The following code shows how to inspect the URL that the user used to access our application, and extract some information from there.
Save this content as your index.php:
<?php $looking = isset($_GET['title']) || isset($_GET['author']); ?> <!DOCTYPE html> <html> <body> <p>You lookin'? <?php echo (int) $looking; ?></p> <p>The book you are looking for is</p> <ul> <li><b>Title</b>: <?php echo $_GET['title']; ?></li> <li><b>Author</b>: <?php echo $_GET['author']; ?></li> </ul> </body> </html>
Now access the link, http://localhost:8000/?author=Jason&title=my book
For each request, PHP stores all the parameters that come from the query string in an array called $_GET.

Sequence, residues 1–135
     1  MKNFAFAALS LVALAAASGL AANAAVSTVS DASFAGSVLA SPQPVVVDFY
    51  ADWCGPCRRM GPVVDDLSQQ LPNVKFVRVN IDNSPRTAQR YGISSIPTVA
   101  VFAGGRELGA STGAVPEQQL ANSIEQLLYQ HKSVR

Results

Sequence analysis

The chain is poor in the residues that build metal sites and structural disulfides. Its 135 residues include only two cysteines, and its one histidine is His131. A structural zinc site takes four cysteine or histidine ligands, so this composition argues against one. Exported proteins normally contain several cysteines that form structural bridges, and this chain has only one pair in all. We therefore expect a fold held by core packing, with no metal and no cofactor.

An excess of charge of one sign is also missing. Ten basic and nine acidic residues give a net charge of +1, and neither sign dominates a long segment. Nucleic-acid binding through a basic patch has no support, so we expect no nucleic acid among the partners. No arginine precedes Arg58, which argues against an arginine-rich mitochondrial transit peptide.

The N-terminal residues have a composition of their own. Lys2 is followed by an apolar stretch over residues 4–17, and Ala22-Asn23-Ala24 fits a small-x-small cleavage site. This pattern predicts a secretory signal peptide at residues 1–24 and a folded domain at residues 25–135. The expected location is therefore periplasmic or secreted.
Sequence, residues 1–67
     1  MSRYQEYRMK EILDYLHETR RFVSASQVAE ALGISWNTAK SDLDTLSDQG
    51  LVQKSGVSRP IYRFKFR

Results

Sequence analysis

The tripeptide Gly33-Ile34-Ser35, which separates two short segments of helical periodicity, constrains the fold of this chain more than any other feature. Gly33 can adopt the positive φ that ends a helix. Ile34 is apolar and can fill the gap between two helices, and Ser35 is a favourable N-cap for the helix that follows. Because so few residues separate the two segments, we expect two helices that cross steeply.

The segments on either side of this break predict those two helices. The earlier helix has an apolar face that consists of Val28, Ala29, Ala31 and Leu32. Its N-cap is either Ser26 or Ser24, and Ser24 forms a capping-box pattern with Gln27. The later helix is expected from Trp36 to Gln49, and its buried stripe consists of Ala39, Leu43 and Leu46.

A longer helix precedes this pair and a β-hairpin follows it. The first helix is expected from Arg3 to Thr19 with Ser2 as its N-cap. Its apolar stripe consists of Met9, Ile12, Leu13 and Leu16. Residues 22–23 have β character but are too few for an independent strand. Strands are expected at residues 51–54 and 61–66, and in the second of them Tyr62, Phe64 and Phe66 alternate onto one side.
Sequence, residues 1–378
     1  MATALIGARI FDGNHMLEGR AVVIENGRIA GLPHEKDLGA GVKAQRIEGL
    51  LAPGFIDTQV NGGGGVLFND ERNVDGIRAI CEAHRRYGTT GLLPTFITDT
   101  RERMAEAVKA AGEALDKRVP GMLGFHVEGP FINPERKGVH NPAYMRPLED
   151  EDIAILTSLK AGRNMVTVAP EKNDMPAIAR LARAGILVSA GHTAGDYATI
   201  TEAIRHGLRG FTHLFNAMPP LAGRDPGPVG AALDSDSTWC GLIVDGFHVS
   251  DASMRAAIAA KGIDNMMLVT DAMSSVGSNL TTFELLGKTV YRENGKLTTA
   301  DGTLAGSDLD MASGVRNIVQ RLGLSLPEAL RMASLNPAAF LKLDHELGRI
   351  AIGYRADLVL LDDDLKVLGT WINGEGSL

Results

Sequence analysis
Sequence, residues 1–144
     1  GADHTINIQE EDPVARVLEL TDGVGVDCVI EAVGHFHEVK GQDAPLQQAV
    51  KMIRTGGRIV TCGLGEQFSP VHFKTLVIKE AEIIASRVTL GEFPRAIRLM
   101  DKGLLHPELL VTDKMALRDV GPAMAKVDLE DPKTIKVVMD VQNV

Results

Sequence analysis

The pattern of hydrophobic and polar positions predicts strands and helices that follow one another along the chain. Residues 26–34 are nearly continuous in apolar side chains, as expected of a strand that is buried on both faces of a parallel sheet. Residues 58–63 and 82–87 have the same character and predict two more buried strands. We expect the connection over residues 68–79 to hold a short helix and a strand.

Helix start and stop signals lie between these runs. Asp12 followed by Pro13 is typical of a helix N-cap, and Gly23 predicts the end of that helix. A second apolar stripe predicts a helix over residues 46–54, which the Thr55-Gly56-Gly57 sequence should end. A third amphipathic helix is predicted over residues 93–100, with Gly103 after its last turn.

Each key of the array is the name of the parameter, and its associated value is the value of the parameter.
So $_GET contains two entries: $_GET['author'] contains Jason and $_GET['title'] has the value my book.
Here, we assign a Boolean value to the variable $looking.
If either $_GET['title'] or $_GET['author'] exists, that variable will be true, otherwise false.
We cast a Boolean to an integer means that the result will be 1 if the Boolean is true or 0 if the Boolean is false.
As $looking is true since $_GET contains valid keys, the page shows a "1".
If we try to access the same page without sending any information, as in http://localhost:8000, the browser will say Are you looking for a book? 0.